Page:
Millennials, those born after 1980 up to 2004, are leading the change; their values are not materialism and abundant riches. They have been witness to so much economic carnage, common good is the outcome of their belief system. Sharing and collaborating defines them. Boomers are also in the picture as retirement becomes elusive with rising costs of living and shrinking pensions. Necessity is the mother of invention.
There is no stopping this wave of change. Independent thinkers, dreamers, and creators are waking up each day with new hope and vigor–and hanging their shingles at coworking spaces.
This writer just read a 15 May 2017 story in, The New Yorker, title of which quotes, The Gig Economy. This term is still hot–just off the printing press. In the story, the writer quotes a ‘gigger’ (a unicorn type) saying, “it’s a lonely business.” It’s not lonely in the new ‘coworking’ model. In fact, it’s the very opposite.
The resounding message from the Founders of three of our six coworking spaces in East Ontario is, “community and collaboration.” The sharing of ideas, mentoring and friendships that arise from coworking spaces are fundamental to their success. It’s no wonder all three feature social events and social spaces. Loneliness is solved.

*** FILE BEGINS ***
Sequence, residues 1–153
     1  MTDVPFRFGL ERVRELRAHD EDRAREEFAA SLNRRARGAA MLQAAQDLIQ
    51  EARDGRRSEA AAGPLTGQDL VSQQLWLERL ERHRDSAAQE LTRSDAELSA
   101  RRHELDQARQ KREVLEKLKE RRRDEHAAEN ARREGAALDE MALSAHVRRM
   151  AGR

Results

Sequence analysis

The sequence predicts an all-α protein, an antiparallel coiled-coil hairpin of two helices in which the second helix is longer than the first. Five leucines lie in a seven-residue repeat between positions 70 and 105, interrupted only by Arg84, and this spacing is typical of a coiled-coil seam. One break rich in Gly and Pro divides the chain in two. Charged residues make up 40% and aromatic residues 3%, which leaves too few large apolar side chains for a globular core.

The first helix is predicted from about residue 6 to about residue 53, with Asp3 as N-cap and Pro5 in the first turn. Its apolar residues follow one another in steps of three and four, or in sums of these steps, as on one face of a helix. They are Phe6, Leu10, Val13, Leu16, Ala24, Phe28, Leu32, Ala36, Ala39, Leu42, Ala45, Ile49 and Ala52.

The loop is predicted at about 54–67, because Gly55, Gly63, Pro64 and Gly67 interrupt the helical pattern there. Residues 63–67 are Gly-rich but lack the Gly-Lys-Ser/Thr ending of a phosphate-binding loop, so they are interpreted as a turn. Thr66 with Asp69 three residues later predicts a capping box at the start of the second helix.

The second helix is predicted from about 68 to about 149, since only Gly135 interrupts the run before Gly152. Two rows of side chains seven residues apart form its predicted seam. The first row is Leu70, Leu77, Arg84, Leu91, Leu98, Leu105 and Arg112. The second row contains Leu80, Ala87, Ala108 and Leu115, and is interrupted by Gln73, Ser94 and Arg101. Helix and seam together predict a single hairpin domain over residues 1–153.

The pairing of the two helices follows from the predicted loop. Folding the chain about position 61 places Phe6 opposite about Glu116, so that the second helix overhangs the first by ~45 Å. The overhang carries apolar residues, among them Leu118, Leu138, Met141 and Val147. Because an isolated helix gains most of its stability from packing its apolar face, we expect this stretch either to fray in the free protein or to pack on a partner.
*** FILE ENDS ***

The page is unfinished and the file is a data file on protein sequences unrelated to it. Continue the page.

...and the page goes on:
The shift may seem at odds with the virtual internet in that these ‘giggers’ seek physical space and relationships. They reside within a quarter tank of gas or a walk from their coworking spaces.
If and when economic bubbles begin to burst, these business collaborators may be the untouchables. They are agile, lean. There is no waste of money, time and overhead. Everything is shared, even lunch.
Statistics report the number of coworking spaces in 2016 was 11,300 globally. This was projected to rise to approximately 13,800 by 2017.
In 2016, there were around 835,000 individuals in coworking spaces worldwide.
COMMON GROUND IN COWORKING SPACES
Coworking is evolving; however, core services demanded by freelancers and small biz have standardized some services offered. Space for private meetings and focused work along with open spaces featuring short-term, ‘hot desks’, are offered by all. Wifi is always included. Business events are facilitated, invariably, seminar and trade show formats.